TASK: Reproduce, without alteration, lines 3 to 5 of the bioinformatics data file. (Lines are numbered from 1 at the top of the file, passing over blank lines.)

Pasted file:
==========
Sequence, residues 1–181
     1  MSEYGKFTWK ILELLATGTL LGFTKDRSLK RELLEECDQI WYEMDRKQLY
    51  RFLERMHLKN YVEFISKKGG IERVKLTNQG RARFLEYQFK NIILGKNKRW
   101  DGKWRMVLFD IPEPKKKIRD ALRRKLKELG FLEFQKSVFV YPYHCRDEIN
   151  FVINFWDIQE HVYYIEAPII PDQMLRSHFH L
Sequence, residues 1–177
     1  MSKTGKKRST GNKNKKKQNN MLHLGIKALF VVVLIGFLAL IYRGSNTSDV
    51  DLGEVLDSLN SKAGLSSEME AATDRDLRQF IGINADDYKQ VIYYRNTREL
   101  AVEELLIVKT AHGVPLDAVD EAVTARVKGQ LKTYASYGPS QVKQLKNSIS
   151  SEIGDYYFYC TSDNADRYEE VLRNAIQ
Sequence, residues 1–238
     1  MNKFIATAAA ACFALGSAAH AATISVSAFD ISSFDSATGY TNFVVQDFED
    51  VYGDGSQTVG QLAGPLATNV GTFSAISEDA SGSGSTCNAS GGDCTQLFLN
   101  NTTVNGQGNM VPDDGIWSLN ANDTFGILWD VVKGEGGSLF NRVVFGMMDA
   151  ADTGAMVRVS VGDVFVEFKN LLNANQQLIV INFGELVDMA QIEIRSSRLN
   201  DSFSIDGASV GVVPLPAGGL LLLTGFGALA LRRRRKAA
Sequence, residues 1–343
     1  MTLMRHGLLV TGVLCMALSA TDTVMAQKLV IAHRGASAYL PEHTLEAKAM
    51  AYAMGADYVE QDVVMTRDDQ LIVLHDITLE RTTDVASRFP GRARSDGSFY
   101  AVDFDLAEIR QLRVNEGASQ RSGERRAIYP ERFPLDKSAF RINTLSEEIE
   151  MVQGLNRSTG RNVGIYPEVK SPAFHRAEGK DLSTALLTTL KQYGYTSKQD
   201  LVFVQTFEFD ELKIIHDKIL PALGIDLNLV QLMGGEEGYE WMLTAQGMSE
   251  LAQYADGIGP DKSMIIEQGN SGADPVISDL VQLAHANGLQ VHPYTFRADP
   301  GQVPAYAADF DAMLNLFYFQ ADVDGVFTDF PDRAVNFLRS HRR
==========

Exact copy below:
    51  RFLERMHLKN YVEFISKKGG IERVKLTNQG RARFLEYQFK NIILGKNKRW
   101  DGKWRMVLFD IPEPKKKIRD ALRRKLKELG FLEFQKSVFV YPYHCRDEIN
   151  FVINFWDIQE HVYYIEAPII PDQMLRSHFH L